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Words related to *leu-

absolute (adj.)

late 14c., "unrestricted, free from limitation; complete, perfect, free from imperfection;" also "not relative to something else" (mid-15c.), from Latin absolutus, past participle of absolvere "to set free, acquit; complete, bring to an end; make separate," from ab "off, away from" (see ab-) + solvere "to loosen, untie, release, detach," from PIE *se-lu-, from reflexive pronoun *s(w)e- (see idiom) + root *leu- "to loosen, divide, cut apart."

Sense evolution probably was from "detached, disengaged" to "perfect, pure." Meaning "despotic" (1610s) is from notion of "absolute in position;" absolute monarchy is recorded from 1735 (absolute king is recorded from 1610s). Grammatical sense is from late 14c.

Absolute magnitude (1902) is the brightness a star would have at a distance of 10 parsecs (or 32.6 light years); scientific absolute value is from 1907. As a noun in metaphysics, the absolute "that which is unconditional or free from restriction; the non-relative" is from 1809.

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absolution (n.)

"remission, forgiveness," c. 1200, from Old French absolucion, earlier assolucion, from Latin absolutionem (nominative absolutio) "completion, acquittal," noun of action from past-participle stem of absolvere "set free, loosen, acquit," from ab "off, away from" (see ab-) + solvere "to loosen, dissolve; untie, release; dismiss," from PIE *se-lu-, from reflexive pronoun *s(w)e- (see idiom) + root *leu- "to loosen, divide, cut apart." Originally of sins; in general use from c. 1400.

absolve (v.)
early 15c., "release" (from an oath or obligation), from Latin absolvere "set free," especially judicially, "acquit" (source also of Old French assoldre (11c.), Modern French absoudre), from ab "off, away from" (see ab-) + solvere "to loosen, untie, release, remove," from PIE *se-lu-, from reflexive pronoun *s(w)e- (see idiom) + root *leu- "to loosen, divide, cut apart." In modern use, "set free from consequences or penalties of actions." Related: Absolved; absolving.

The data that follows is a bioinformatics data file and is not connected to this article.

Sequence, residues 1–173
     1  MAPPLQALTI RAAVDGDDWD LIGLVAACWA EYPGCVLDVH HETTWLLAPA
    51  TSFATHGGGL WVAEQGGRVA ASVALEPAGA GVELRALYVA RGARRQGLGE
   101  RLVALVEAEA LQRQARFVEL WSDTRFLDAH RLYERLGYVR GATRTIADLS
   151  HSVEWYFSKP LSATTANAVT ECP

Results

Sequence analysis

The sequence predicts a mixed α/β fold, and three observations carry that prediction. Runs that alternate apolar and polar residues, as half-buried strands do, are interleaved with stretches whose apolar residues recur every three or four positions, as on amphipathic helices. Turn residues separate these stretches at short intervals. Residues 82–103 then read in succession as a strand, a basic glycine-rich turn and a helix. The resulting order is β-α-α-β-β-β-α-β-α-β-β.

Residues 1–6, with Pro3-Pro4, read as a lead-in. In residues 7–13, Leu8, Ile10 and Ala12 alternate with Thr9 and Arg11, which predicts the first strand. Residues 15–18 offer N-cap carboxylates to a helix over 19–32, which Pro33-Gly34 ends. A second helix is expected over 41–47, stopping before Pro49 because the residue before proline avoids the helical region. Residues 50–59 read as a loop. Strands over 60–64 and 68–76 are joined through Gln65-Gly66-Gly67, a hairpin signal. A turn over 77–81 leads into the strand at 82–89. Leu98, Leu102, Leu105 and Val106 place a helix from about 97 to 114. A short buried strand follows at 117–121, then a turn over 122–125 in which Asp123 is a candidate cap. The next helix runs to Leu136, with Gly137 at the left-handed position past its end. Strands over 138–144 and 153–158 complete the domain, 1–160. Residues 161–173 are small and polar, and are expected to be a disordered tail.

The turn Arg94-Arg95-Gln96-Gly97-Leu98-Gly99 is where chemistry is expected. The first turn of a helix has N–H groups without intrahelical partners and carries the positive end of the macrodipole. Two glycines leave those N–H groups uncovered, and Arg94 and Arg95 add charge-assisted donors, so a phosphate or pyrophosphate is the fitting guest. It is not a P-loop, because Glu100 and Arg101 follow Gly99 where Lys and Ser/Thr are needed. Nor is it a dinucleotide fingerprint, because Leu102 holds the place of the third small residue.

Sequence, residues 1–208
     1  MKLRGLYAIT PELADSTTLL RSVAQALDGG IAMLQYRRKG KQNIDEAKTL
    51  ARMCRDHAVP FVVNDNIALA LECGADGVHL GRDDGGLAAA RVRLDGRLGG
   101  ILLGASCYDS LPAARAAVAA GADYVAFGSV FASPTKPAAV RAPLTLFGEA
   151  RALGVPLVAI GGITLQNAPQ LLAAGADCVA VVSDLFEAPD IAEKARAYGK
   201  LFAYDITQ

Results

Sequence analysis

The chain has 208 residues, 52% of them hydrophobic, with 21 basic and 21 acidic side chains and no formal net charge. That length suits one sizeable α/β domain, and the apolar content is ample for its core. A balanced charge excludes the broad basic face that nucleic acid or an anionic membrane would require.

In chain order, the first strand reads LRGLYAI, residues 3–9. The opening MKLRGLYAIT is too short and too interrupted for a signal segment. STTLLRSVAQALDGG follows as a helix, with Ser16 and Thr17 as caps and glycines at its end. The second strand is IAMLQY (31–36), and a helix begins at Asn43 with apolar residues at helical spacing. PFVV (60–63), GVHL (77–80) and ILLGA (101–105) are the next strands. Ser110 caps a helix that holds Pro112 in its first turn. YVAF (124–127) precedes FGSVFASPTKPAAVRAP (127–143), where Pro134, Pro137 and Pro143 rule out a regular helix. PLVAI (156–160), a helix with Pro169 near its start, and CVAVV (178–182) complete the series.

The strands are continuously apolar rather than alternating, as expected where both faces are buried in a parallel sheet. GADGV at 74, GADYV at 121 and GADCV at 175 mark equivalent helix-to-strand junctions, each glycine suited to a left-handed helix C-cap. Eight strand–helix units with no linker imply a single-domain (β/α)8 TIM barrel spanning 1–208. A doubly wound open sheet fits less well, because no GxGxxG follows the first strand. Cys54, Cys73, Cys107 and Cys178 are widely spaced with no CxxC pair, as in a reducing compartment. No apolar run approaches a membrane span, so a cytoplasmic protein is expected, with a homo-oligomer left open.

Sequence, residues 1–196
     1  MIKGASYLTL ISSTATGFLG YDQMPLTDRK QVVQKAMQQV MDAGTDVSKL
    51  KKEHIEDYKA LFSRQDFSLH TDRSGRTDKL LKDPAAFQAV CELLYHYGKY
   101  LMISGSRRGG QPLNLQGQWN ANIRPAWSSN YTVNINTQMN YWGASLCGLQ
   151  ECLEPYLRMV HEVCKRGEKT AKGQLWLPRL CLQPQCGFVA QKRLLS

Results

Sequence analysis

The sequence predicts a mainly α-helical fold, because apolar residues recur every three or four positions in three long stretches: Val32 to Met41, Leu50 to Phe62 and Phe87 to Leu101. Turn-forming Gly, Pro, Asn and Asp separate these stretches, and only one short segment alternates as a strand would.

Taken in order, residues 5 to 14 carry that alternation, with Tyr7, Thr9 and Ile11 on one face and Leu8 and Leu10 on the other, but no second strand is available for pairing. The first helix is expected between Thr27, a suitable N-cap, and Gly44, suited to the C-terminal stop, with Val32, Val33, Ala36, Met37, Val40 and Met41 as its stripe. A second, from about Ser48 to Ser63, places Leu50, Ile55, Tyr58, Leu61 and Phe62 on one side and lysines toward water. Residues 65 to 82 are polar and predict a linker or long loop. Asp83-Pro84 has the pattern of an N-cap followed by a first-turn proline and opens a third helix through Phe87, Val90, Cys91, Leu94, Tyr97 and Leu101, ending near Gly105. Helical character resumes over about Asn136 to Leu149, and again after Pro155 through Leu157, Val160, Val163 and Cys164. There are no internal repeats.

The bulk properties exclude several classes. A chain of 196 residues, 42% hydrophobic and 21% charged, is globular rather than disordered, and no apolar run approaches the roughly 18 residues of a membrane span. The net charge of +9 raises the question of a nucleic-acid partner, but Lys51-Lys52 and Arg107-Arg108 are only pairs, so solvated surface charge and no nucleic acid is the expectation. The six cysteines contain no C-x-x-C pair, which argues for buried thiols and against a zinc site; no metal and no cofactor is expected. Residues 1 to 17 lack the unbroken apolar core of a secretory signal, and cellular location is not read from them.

analysis (n.)
1580s, "resolution of anything complex into simple elements" (opposite of synthesis), from Medieval Latin analysis (15c.), from Greek analysis "solution of a problem by analysis," literally "a breaking up, a loosening, releasing," noun of action from analyein "unloose, release, set free; to loose a ship from its moorings," in Aristotle, "to analyze," from ana "up, back, throughout" (see ana-) + lysis "a loosening," from lyein "to unfasten" (from PIE root *leu- "to loosen, divide, cut apart").

Meaning "statement presenting results of an analytic process" is from 1660s. Psychological sense is from 1890. English also formerly had a noun analyse (1630s), from French analyse, from Medieval Latin analysis. Phrase in the final (or last) analysis (1844), translates French en dernière analyse.
analytic (adj.)
"relating to or operating by analogy," c. 1600, from Medieval Latin analyticus, from Greek analytikos "analytical," from analytos "dissolved," from analyein "unloose, release, set free," from ana "up, back, throughout" (see ana-) + lysis "a loosening," from lyein "to unfasten" (from PIE root *leu- "to loosen, divide, cut apart").
catalysis (n.)
1650s, "dissolution," from Latinized form of Greek katalysis "dissolution, a dissolving" (of governments, military units, etc.), from katalyein "to dissolve," from kata "down" (or "completely"), see cata-, + lyein "to loosen" (from PIE root *leu- "to loosen, divide, cut apart"). Chemical sense "change caused by an agent which itself remains unchanged" is attested from 1836, introduced by Swedish chemist Jöns Jakob Berzelius (1779-1848).
catalyst (n.)

"substance which speeds a chemical reaction but itself remains unchanged," 1900, formed in English (on analogy of analyst) from catalysis. Figurative use by 1943.

catalytic (adj.)

"having the power of decomposing a compound chemical body," 1836, from Latinized form of Greek katalytikos "able to dissolve," from katalyein "to dissolve," from kata "down" (or "completely"), see cata-, + lyein "to loosen" (from PIE root *leu- "to loosen, divide, cut apart").

dialysis (n.)

1580s, in logic and grammar, in the latter "division of one syllable into two," from Latin, from Greek dialysis "dissolution, separation" (used of the disbanding of troops, a divorce, etc.), from dialyein "dissolve, separate," from dia "apart" + lyein "loosen" (from PIE root *leu- "to loosen, divide, cut apart").

Chemistry sense of "process by which particles are selectively removed from a liquid by consequence of their differing capacity to pass through a membrane into another liquid" is from 1861; the specific sense in medicine, "process of blood purification by allowing it to pass through a membrane" is by 1914. Related: Dialytic. The verb dialyze was formed from the noun on the model of analyze, etc.

dissolve (v.)

late 14c. dissolven, "to break up, disunite, separate into parts" (transitive, of material substances), also "to liquefy by the disintegrating action of a fluid," also intransitive, "become fluid, be converted from a solid to a liquid state," from Latin dissolvere "to loosen up, break apart," from dis- "apart" (see dis-) + solvere "to loosen, untie," from PIE *se-lu-, from reflexive pronoun *s(w)e- (see idiom) + root *leu- "to loosen, divide, cut apart."

General sense of "to melt, liquefy by means of heat or moisture" is from late 14c. Meaning "to disband" (a parliament or an assembly) is attested from early 15c. Related: Dissolved; dissolving.